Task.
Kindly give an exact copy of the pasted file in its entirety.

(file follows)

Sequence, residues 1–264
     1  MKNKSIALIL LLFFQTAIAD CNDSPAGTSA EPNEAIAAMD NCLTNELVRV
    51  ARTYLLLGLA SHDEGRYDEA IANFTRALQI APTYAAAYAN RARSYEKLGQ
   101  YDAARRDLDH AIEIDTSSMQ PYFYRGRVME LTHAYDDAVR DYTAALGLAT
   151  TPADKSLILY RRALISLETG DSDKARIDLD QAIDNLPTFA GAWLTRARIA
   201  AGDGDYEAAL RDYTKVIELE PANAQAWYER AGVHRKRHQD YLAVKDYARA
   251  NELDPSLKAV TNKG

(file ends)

Sequence, residues 1–264
     1  MKNKSIALIL LLFFQTAIAD CNDSPAGTSA EPNEAIAAMD NCLTNELVRV
    51  ARTYLLLGLA SHDEGRYDEA IANFTRALQI APTYAAAYAN RARSYEKLGQ
   101  YDAARRDLDH AIEIDTSSMQ PYFYRGRVME LTHAYDDAVR DYTAALGLAT
   151  TPADKSLILY RRALISLETG DSDKARIDLD QAIDNLPTFA GAWLTRARIA
   201  AGDGDYEAAL RDYTKVIELE PANAQAWYER AGVHRKRHQD YLAVKDYARA
   251  NELDPSLKAV TNKG